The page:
Marque and Reprisal

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Marque and Reprisal

A commission by which the head of a government authorizes a private ship to capture enemy vessels.

The authority to do such capturing is granted to private vessels in letters of marque and reprisal. In the technical sense, a letter of marque is permission to cross over the frontier into another country's territory in order to take a ship; a letter of reprisal authorizes taking the captured vessel to the home port of the capturer.

Since letters of marque and Reprisal allowed privately owned and operated vessels to carry out acts of war, the practice came to be known as privateering. Privateering was frequently encouraged from the period between 1692 to 1814, at which time weaker countries used privateers to hurt a stronger country in the way guerrilla warfare is currently used. Privateers operated concomitant to regular navies. Their main purpose was to annoy the enemy; however, an enemy's merchant vessels were often seized in retaliation for acts of hostility.

The system of privateering was subject to extensive abuses. In the absence of proper letters, a privateer was tantamount to a pirate. Piracy is subject to severe punishment throughout the world. Although privateers allegedly existed in order to support the defense of their sovereigns, they frequently acquired much personal wealth through their activities. In addition, since privateers were not subject to the same discipline as a regular navy, they yielded to the temptation to seize ships beyond the scope of their authority.

Such abuses, and new theories of naval warfare led civilized nations, in 1856, to sign an agreement outlawing privateering. The agreement does not prohibit a state from organizing a voluntary navy of private vessels, which are under the dominion and control of the state.

The U.S. Constitution provides that no state can grant letters of marque and reprisal. The federal government is not limited in this right by the Constitution; however, modern custom and treaties prevent it from granting the letters.


Admiralty and Maritime Law.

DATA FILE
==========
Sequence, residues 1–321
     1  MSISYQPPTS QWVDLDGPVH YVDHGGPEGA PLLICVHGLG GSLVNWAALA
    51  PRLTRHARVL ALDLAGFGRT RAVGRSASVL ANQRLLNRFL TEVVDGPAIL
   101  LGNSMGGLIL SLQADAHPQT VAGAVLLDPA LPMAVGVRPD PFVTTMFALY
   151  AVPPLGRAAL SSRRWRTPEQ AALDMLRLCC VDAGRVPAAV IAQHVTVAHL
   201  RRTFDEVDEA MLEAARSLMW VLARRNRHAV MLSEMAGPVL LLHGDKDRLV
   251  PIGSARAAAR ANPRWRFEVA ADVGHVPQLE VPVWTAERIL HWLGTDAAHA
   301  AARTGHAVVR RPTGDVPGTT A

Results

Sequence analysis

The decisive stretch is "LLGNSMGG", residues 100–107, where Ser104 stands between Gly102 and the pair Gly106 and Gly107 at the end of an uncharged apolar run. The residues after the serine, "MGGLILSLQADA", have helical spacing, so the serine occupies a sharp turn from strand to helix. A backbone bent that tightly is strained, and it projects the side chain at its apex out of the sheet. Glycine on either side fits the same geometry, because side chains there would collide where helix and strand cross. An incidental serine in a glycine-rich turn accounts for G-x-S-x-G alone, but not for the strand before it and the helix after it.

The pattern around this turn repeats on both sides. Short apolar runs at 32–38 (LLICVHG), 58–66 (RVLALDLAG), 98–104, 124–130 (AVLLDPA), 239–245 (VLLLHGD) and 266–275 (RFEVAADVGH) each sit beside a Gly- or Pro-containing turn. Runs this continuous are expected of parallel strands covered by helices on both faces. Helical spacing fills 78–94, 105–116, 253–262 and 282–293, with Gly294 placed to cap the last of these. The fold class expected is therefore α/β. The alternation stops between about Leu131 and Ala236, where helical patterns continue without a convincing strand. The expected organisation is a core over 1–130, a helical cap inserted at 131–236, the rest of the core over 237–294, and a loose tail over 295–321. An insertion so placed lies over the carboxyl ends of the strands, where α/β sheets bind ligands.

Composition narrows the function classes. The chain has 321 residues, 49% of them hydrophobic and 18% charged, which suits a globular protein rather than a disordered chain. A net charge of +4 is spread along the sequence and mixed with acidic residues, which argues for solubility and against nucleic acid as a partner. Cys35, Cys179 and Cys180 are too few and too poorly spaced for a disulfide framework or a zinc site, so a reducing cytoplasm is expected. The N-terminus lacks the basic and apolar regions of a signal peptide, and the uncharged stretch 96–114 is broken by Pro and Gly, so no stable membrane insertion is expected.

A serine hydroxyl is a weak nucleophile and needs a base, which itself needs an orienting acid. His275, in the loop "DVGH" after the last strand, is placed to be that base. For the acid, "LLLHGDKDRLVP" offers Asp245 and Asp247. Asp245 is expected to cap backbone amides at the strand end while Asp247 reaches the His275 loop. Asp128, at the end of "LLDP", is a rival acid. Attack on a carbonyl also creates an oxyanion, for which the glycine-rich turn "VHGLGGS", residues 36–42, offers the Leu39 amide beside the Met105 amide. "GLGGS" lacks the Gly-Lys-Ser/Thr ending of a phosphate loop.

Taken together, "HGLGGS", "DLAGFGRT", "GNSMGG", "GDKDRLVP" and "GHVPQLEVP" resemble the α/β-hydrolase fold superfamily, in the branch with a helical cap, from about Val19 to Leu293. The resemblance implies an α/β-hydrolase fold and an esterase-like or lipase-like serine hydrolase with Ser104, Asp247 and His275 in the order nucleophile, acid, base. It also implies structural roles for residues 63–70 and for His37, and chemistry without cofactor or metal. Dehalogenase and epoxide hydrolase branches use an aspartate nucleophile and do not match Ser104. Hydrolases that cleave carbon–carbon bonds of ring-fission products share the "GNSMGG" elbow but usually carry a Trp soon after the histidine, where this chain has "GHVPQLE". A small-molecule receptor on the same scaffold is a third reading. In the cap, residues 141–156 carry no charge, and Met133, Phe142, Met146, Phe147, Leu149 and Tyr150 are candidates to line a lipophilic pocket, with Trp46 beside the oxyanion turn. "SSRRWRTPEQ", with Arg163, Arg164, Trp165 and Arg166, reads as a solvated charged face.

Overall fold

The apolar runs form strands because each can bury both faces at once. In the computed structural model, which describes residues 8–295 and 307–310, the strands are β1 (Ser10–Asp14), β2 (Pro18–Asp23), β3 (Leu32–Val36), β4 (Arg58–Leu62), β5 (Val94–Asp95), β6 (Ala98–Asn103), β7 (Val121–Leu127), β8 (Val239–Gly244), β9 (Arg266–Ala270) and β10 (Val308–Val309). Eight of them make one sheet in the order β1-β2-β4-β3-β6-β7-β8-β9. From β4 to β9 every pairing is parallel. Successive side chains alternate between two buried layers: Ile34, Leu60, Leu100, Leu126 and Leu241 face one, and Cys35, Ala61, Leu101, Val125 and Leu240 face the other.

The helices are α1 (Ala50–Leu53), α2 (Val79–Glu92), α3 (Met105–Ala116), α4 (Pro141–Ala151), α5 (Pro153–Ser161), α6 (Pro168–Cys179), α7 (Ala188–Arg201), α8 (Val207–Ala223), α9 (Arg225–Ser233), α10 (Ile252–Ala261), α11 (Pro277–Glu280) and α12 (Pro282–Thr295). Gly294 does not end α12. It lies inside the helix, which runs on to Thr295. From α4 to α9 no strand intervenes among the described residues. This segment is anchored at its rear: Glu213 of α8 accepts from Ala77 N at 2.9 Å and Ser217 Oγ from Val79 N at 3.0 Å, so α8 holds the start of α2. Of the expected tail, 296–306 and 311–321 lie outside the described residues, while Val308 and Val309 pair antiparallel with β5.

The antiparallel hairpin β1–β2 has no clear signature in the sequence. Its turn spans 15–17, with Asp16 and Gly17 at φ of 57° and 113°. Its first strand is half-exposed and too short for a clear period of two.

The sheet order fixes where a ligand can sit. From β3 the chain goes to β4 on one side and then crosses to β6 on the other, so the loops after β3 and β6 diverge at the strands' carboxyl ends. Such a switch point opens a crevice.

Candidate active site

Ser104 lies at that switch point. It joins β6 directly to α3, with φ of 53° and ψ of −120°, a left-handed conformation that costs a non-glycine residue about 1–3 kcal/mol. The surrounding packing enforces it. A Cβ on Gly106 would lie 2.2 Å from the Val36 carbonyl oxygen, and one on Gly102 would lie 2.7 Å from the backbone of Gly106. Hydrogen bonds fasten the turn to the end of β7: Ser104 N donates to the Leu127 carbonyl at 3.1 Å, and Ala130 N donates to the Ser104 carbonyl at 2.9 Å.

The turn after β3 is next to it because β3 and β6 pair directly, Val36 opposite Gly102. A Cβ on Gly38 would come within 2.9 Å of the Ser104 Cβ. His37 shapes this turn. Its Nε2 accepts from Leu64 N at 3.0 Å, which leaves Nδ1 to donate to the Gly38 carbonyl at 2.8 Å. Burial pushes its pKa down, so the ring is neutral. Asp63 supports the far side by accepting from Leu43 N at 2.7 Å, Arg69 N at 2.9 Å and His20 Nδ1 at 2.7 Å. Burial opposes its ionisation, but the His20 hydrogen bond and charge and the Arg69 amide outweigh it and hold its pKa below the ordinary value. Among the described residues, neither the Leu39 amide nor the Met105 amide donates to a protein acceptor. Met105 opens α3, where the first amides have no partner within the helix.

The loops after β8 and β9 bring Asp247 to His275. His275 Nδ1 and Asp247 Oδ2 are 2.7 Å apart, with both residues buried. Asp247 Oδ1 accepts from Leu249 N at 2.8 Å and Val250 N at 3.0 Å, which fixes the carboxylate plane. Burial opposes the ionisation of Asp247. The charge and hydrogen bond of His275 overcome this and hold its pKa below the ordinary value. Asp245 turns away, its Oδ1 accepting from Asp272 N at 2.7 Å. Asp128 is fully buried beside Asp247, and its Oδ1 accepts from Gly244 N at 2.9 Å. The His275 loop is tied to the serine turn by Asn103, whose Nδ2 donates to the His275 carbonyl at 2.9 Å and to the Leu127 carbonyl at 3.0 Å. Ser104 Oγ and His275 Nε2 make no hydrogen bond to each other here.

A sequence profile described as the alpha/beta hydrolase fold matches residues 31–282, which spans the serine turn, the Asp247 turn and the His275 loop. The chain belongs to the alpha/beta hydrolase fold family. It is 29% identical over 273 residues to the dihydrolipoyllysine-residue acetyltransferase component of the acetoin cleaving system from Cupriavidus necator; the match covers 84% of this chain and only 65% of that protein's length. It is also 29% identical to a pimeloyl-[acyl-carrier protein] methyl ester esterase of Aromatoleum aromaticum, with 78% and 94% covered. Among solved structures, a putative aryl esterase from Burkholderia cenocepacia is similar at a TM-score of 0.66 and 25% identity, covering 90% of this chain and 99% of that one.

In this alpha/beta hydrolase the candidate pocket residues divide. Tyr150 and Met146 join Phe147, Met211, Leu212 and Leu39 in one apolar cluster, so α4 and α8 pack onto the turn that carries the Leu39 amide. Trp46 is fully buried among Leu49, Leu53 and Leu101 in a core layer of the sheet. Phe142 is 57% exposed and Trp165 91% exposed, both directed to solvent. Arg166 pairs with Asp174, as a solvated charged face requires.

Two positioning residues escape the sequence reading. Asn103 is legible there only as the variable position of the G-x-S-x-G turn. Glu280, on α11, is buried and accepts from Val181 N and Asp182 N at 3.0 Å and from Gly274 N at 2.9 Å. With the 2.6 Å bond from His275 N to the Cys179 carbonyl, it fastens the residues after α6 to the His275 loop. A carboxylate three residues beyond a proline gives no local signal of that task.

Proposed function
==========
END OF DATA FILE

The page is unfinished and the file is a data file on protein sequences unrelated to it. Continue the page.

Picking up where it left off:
West's Encyclopedia of American Law, edition 2. Copyright 2008 The Gale Group, Inc. All rights reserved.

MARQUE AND REPRISAL. The name given to a commission granted by the supreme power of a state to a private person for the purpose of seizing the property of a foreign state or its subjects. Wheat. Law of Nations, 340. Vide Letters of Marque.

A Law Dictionary, Adapted to the Constitution and Laws of the United States. By John Bouvier. Published 1856.
References in periodicals archive ?
This history may help explain why letters of marque and reprisal were not mentioned during the ratification period as imposing significant limitations on the president's power.
Some writers distinguished letters of marque on the one hand from letters of marque and reprisal on the other, based on whether they were issued during times of war (marque) or times of peace (marque and reprisal).
Kevin Marshall, Comment, Putting Privateers in Their Place: The Applicability of the Marque and Reprisal Clause to Undeclared Wars, 64 U.
Gregory Sidak, The Quasi War Cases--And Their Relevance to Whether "Letters of Marque and Reprisal" Constrain Presidential War Powers, 28 HART.
of establishing rules for deciding in all cases, what captures on land or water shall be legal, and in what manner prizes taken by land or naval forces in the service of the [U]nited [S]tates shall be divided or appropriated; of granting letters of marque and reprisal in times of peace; appointing courts for the trial of piracies and felonies committed on the high seas; and establishing courts for receiving and determining finally appeals in all cases of captures, provided that no member of [C]ongress shall be appointed a judge of any of the said courts.
The Marque and Reprisals Clause was inserted into the language of the Constitution immediately after the "Declare War" substitution.
A corollary of the power to issue letters of marque and reprisal was the power to regulate how letters of marque and reprisal could be used.
During the Constitutional Convention, the Framers made little mention of letters of marque and reprisal. Elbridge Gerry of Massachusetts proposed that Congress be given the power to grant letters of marque and reprisal, as he did not believe that this power was included in the power of war.
(83) If the Framers had understood "letters of marque and reprisal" in accordance with Lobel's interpretation, then Gerry's proposal surely would have generated more debate than it did.
Letters of marque and reprisal were mentioned twice in both the Articles of Confederation and the Constitution.
Instead, the structure of the Articles of Confederation and the Constitution indicates that the Framers viewed the issuance of letters of marque and reprisal as a supremacy issue rather than a separation of powers issue.
Finding scant textual or historical support for the proposition that the phrase "letters of marque and reprisal" defines a residual category of all forms of hostility short of declared war, some contemporary scholars have turned to Blackstone and Story.